We live in a populated, working class neighborhood. Our street is directly off of a main road. There are many passersby – teens whizzing by on their bikes, kids playing basketball in the street, working parents walking home from their jobs, college students with backpacks. It’s a diverse and vibrant neighborhood.
I’ve never felt scared or unsafe. Most of our neighbors are retired and have lived here for decades or families with young children, like us.
My five-year old daughter was unequivocally a fish in a previous life. She could stay in the water all day until her fingers and toes shrivel into raisins. We recently purchased a pool for our backyard, and she’s ecstatic. We spend many afternoons swimming together.
It was one of these regular afternoons when my feelings of safety were diminished. We were wading in the pool, enjoying the sunshine when we decided to blow up a raft I had saved in the basement.
My daughter and I were standing by the picnic table in our bathing suits. Most of the yard is hidden from the street, besides one spot on the side of the house. It isn’t more than a five-foot wide view of the sidewalk beyond.
All of a sudden I hear a man’s voice yell, “Ooo, what-cha doin’ girrrl!? Look at you! You better get your damn clothes back on!” Then silence.
I froze. I was afraid to look around. I had a fleeting moment of disbelief…
Was that directed at me? It couldn’t be. I am in the privacy of my own backyard.
I looked down at my one-piece bathing suit. Suddenly I felt ugly, small, violated and scared.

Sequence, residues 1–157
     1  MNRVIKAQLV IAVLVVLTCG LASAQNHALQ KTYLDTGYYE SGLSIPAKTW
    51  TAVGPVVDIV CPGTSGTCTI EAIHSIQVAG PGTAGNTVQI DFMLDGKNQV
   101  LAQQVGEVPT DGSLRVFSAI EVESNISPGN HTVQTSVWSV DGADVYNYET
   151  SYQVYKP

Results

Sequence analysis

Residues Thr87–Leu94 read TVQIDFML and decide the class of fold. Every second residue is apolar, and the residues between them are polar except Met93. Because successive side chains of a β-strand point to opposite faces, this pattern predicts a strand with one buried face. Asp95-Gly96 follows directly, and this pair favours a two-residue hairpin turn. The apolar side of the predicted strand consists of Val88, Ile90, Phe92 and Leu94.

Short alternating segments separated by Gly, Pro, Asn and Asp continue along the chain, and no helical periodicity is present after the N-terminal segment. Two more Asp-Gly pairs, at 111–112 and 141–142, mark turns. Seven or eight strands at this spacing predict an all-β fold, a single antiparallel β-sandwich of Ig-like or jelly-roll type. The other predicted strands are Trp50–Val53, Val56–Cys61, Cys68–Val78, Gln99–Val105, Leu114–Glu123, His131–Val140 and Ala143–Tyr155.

My daughter was already climbing up the ladder to get into the pool. I followed her in a daze, arms hanging like jelly. I begged the universe that she hadn’t heard it.
I got into the pool with a fake smile plastered on my face. When we got out, I ran as fast as I could to snatch our towels off the clothesline. When we got inside, I immediately locked the doors. I was shaking for a half-hour after the incident.
Catcalling is a true form of harassment. It’s a chance for men to tell women that they don’t belong in the abuser’s space. Since the incident, I continue to remind myself that I’m in control of my body.
In a time when comments about women’s bodies seem to be increasing in the public sphere, I was interested to learn that the county of Nottinghamshire, England has made street harassment a ‘Misogyny Hate Crime.’ I can’t imagine the United States passing similar legislation, but there are things we as parents can do. Parents can talk to their sons about how to treat girls and women. Parents with daughters can remind them that they’re beautiful.
As a mother to two daughters, I’m not sure how I will take this experience and impart wisdom upon them. I want them to grow up and feel strong, not weak like I did in that moment. I want them to know that they should never feel objectified. It saddens me that this will likely happen to them one day. For now, I’ll continue to make backyard fairy houses with my girls, and enjoy their innocence.